Report: Ex-NFL LB Merriman sued for wrongful death

The parents of a woman who died of a drug overdose in 2017 have filed a wrongful-death lawsuit against former NFL linebacker Shawne Merriman, TMZ reported Saturday.

According to TMZ, the suit alleges Merriman drugged and possibly assaulted Kimberly Fattorini, who was a Playboy employee, on the night of a party at the Playboy mansion in Los Angeles. Fattorini’s death was ruled accidental and attributed to a combination of alcohol, cocaine and GHB — commonly labeled a date-rape drug — in her system.

Per the report, the suit claims a text message from Fattorini indicates Merriman gave her GHB. The suit goes on to allege that Merriman was with Fattorini, and did not want it known that he was with her, when 911 was called from a friend’s house, where Fattorini was found by first responders “half-naked with her jeans unzipped and unbuttoned.”

The suit also references two alleged text messages, with one of Fattorini’s friends saying, “(sic) Shawn killed her ass, what a [expletive] idiot,” and a promoter from the party replying, “That dumbass been drugging girls for years.”

A representative for Merriman denied the allegations to TMZ, saying neither Merriman nor his attorney “have any knowledge of him being named in any lawsuit.”

“This alleged lawsuit is baseless,” the representative added. “Shawne attended an after party more than two years ago where a young woman unfortunately overdosed.

“…The police thoroughly investigated and found no wrongdoing whatsoever by Shawne. The fact that they are raising this now, two years after the fact, demonstrates the baseless nature of these allegations.”

Merriman, 35, played eight years in the NFL, earning three Pro Bowl selections and one first-team All-Pro selection during six years with the San Diego Chargers. He played two years for the Buffalo Bills from 2011-12 before retiring.

–Field Level Media

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Bucs agree to contract with 1st-round LB White

Bucs agree to contract with 1st-round LB White

The Tampa Bay

Bucs agree to contract with 1st-round LB White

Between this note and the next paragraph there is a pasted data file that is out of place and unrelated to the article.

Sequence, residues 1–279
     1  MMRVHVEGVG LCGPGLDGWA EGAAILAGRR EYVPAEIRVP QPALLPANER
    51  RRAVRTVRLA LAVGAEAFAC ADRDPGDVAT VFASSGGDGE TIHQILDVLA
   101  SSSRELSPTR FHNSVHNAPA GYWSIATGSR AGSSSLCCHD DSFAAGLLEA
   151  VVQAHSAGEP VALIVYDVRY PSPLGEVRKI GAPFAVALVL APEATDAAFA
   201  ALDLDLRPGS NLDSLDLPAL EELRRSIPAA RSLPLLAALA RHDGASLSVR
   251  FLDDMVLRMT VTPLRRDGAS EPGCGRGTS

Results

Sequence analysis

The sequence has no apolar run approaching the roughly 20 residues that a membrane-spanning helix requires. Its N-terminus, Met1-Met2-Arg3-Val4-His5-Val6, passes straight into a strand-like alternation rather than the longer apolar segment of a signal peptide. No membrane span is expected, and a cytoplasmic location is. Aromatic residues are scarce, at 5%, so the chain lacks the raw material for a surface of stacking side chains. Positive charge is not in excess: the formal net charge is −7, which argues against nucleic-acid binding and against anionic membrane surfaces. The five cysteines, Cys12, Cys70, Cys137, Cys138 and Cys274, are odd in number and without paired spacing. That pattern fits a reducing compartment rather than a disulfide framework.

The Tampa Bay Buccaneers agreed to a contract with first-round linebacker Devin White on Saturday, a day before the team’s rookies report to training camp.

White was drafted fifth overall in April, slotting his contract value around $29 million over four years, all fully guaranteed, with a signing bonus around $19 million. Like all first-round picks, his deal included a fifth-year team option.

The Bucs’ veterans report to camp on Thursday.

Touted as one of the top off-ball linebacker prospects in recent years, the 21-year-old White is expected to start from Day 1 next to Lavonte David in the middle of new coordinator Todd Bowles’ 3-4 defense. White was a consensus All-American while winning the Butkus Award as the nation’s top linebacker in 2018 at LSU, totaling 123 tackles (12 for loss) three sacks and six pass breakups.

White’s agreement leaves just seven draft picks unsigned across the league, including four first-rounders: defensive end Nick Bosa (No. 2 overall, San Francisco 49ers), defensive tackle Quinnen Williams (No. 3, New York Jets), quarterback Daniel Jones (No. 6, New York Giants) and defensive end Brian Burns (No. 16, Carolina Panthers).

The other three are 49ers’ second-round wide receiver Deebo Samuel, Giants’ third-round outside linebacker Oshane Ximines and Minnesota Vikings’ seventh-round long-snapper Austin Cutting.

–Field Level Media